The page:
Chronic ethanol consumption results in deficient bone repair in rats

Dennis A. Chakkalakal, Jerzy R. Novak, Edward D. Fritz, Teresa J. Mollner, Daniel L. McVicker, Denise L. Lybarger, Michael H. McGuire, Terrence Donohue

Research output: Contribution to journalArticle

41 Citations (Scopus)

Abstract

There is evidence that ethanol inhibits osteoblast function and that chronic ethanol consumption induces systemic bone loss and increases the risk of fracture in humans. The purpose of the present study was to determine whether chronic ethanol consumption also compromises the healing of injured bone. Male Sprague-Dawley rats, 8-10 weeks old, were placed into four feeding groups: group A received ethanol (36% of calories) as part of a liquid diet; group B was pair-fed to group A and received an isocaloric control diet containing maltodextrin; group C was fed the AIN-93M standard semi-purified liquid diet ad libitum; group D was fed the same ethanol diet as group A before bone injury, but after surgery (see below) these rats were given isocaloric control diet ad libitum. After 6 weeks on their respective diets, a bone repair model was surgically created at the midshaft in both fibulae of each rat. Seven weeks after injury the animals were euthanized and bone healing was evaluated by determining rigidity of the fibula by three-point bending, flexural modulus of the repair tissue and mineral content of the repair tissue. Rigidity of fibula in ethanol-fed rats and their pair-fed controls (groups A and B) were respectively 48 and 47% lower than in group C. Flexural modulus of the repair tissue in ethanol-fed rats had a 55% (P = 0.046) deficiency compared with their pair-fed controls. The mineral contents in groups A and B were respectively 16 and 13% lower than in group C. There were no significant differences in the results between groups C and D. Thus, the outcome of bone repair in ethanol-fed rats was deficient compared with rats receiving a standard maintenance diet. The repair tissue in ethanol-fed rats was mechanically inferior to that in pair-fed controls. This deficiency could not be attributed to the reduced food consumption of these animals. On the other hand, the restoration of normal bone healing in group D cannot be attributed solely to the cessation of ethanol feeding after bone injury because of the increased food consumption during this period.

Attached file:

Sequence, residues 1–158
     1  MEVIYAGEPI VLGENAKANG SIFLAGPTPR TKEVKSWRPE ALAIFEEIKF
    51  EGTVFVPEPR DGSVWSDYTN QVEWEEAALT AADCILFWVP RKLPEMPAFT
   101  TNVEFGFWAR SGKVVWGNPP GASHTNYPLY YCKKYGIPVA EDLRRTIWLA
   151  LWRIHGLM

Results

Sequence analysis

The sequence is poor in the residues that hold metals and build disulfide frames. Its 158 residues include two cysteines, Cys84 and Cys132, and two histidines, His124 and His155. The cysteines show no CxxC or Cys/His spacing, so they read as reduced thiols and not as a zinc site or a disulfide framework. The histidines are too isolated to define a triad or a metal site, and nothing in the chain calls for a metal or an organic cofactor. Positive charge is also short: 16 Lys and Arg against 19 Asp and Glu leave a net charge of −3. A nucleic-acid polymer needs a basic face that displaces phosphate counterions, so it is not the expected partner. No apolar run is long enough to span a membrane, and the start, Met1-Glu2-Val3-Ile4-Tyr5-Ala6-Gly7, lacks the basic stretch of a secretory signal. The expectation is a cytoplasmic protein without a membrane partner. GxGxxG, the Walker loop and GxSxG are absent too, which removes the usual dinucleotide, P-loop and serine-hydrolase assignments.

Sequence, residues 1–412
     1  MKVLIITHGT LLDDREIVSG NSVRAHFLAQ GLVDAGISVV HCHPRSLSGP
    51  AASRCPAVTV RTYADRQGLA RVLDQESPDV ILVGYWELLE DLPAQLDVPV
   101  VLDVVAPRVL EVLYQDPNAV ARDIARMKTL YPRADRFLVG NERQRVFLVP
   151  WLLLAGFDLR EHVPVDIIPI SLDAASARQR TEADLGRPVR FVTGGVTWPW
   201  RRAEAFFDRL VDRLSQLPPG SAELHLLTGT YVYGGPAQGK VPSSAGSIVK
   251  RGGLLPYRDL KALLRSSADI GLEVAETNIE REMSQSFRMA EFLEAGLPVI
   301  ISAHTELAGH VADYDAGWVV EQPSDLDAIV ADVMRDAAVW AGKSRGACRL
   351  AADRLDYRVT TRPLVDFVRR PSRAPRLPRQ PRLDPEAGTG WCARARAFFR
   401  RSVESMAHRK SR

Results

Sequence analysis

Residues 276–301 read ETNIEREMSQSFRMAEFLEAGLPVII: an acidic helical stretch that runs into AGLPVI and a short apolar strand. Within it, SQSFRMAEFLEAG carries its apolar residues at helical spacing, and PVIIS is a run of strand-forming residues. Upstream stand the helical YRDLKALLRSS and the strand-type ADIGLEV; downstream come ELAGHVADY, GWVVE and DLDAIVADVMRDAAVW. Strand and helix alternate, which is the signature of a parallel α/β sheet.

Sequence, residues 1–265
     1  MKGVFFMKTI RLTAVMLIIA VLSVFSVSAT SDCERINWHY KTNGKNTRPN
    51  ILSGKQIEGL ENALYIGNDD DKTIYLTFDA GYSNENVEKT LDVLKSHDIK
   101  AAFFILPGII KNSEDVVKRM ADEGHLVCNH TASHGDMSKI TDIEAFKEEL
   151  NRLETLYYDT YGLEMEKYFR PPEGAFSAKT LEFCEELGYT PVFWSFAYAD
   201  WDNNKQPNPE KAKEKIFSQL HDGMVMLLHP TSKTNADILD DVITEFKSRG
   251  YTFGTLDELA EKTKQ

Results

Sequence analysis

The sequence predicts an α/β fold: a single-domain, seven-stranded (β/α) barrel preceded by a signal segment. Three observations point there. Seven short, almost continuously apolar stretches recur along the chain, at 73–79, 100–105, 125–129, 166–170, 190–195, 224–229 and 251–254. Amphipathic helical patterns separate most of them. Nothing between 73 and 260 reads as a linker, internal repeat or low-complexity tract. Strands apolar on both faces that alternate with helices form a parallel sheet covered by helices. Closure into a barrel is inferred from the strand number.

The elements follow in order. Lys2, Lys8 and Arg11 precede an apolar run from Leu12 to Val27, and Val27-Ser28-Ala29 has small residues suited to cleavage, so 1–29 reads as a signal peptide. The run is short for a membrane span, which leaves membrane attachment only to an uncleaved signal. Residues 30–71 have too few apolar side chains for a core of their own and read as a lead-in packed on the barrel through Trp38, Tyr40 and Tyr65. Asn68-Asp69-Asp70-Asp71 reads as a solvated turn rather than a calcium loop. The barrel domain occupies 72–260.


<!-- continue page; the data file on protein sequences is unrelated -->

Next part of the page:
Original languageEnglish (US)
Pages (from-to)13-20
Number of pages8
JournalAlcohol and Alcoholism
Volume37
Issue number1
StatePublished - Mar 7 2002

Fingerprint

Rats
Bone
Repair
Ethanol
Nutrition
Bone and Bones
Diet
Fibula
Tissue
Rigidity
Minerals
Wounds and Injuries
Animals
Food
Osteoblasts
Liquids
Surgery
Restoration
Sprague Dawley Rats
Maintenance

ASJC Scopus subject areas

  • Medicine (miscellaneous)
  • Toxicology
  • Psychiatry and Mental health

Cite this

Chakkalakal, D. A., Novak, J. R., Fritz, E. D., Mollner, T. J., McVicker, D. L., Lybarger, D. L., ... Donohue, T. (2002). Chronic ethanol consumption results in deficient bone repair in rats. Alcohol and Alcoholism, 37(1), 13-20.

Chronic ethanol consumption results in deficient bone repair in rats. / Chakkalakal, Dennis A.; Novak, Jerzy R.; Fritz, Edward D.; Mollner, Teresa J.; McVicker, Daniel L.; Lybarger, Denise L.; McGuire, Michael H.; Donohue, Terrence.

In: Alcohol and Alcoholism, Vol. 37, No. 1, 07.03.2002, p. 13-20.

Research output: Contribution to journalArticle

Chakkalakal, DA, Novak, JR, Fritz, ED, Mollner, TJ, McVicker, DL, Lybarger, DL, McGuire, MH & Donohue, T 2002, 'Chronic ethanol consumption results in deficient bone repair in rats', Alcohol and Alcoholism, vol. 37, no. 1, pp. 13-20.
Chakkalakal DA, Novak JR, Fritz ED, Mollner TJ, McVicker DL, Lybarger DL et al. Chronic ethanol consumption results in deficient bone repair in rats. Alcohol and Alcoholism. 2002 Mar 7;37(1):13-20.
Chakkalakal, Dennis A. ; Novak, Jerzy R. ; Fritz, Edward D. ; Mollner, Teresa J. ; McVicker, Daniel L. ; Lybarger, Denise L. ; McGuire, Michael H. ; Donohue, Terrence. / Chronic ethanol consumption results in deficient bone repair in rats. In: Alcohol and Alcoholism. 2002 ; Vol. 37, No. 1. pp. 13-20.
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